Why a college degree matters right now

Canada relies on colleges to train the workforce of the future. The Maclean’s Ultimate Guide to Canadian Colleges provides a roadmap for the students of tomorrow.
Sarah Fulford
Sarah Fulford, editor-in-chief of Maclean’s (photograph by Erin Leydon)

For the last decade, I have served as a volunteer member of the Humber Journalism Program Advisory Committee along with other media industry professionals: newspaper writers, TV producers, website editors, podcasters. Our job is to keep Humber’s journalism instructors informed about changes in the media business and let them know what kind of journalists we’re looking to hire. We profit from the arrangement, too: when we’re searching for junior staffers or interns, we have a direct pipeline to the next generation of talented grads.

My experience at Humber illustrates how deeply connected college programs are with the people working in those fields. In fact, that’s the core value proposition of the college experience: if you enrol, you’re getting access to programs that respond directly to what industry needs and what the job market wants.

And right now, the Canadian job market is desperate for skilled employees. As the baby boomers exit the workforce, the country is experiencing a historic labour shortage. Government officials are trying to answer the call of business leaders by relying heavily on colleges to train workers of the future and pumping money into the college system.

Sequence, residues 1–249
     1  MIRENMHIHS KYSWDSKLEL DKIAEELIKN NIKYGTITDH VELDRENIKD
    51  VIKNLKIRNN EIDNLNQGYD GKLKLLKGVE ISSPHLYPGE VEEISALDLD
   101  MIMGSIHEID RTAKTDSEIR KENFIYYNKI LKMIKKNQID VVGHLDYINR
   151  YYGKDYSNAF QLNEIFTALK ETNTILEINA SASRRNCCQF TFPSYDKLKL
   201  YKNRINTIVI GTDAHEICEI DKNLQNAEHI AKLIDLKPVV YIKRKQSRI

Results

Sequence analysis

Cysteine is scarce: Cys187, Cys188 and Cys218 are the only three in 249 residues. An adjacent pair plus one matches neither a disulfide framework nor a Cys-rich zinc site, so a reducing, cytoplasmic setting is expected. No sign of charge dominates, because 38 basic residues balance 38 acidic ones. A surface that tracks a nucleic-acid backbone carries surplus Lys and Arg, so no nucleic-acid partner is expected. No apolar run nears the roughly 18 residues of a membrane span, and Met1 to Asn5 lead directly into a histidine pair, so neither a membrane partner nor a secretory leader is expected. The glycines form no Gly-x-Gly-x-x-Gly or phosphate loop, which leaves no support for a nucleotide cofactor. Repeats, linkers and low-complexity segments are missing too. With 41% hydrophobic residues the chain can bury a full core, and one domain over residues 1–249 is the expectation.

Many young people enter college straight out of high school, but a significant chunk of college-goers enrol mid-career or after earning university degrees. They’re upskilling in their professions or changing professions altogether. This guidebook is designed as a primer for anyone interested in a college education, regardless of age. The stories speak to people who know exactly what they want to study, as well as readers who are just flirting with the idea of a new line of work.

Our army of journalists consulted many experts to identify the hottest programs in the country, the best way to fund a diploma (yes, there are scholarships for college students!) and how to take advantage of some of the coolest aspects of a college education: co-op placements and study-abroad arrangements.

As part of my own education on the Canadian college experience, I had the pleasure of gathering together the presidents of three of the country’s colleges—Nova Scotia Community College, Lethbridge College and Humber College—for a roundtable discussion about what makes colleges such an important part of the economy. My conversation with them can be found on page 20.

All three presidents are enthusiastic evangelists for the value of a college education, and passionate about the students they nurture and the communities they serve. The world they describe made me want to drop everything and go back to school. We hope you’ll have the same impulse reading this special issue, and we wish you all the best on your college journey.

—Sarah Fulford

Here’s a preview of what you can find in the guidebook:
✈️What these international students wish they’d known before heading to college
🎓 How a college degree is the ticket to a massive career
📈 The best college programs for today’s job market

This article appears in print in the Maclean’s Ultimate Guide to Canadian Colleges. Buy it online here, and subscribe to Maclean’s magazine here.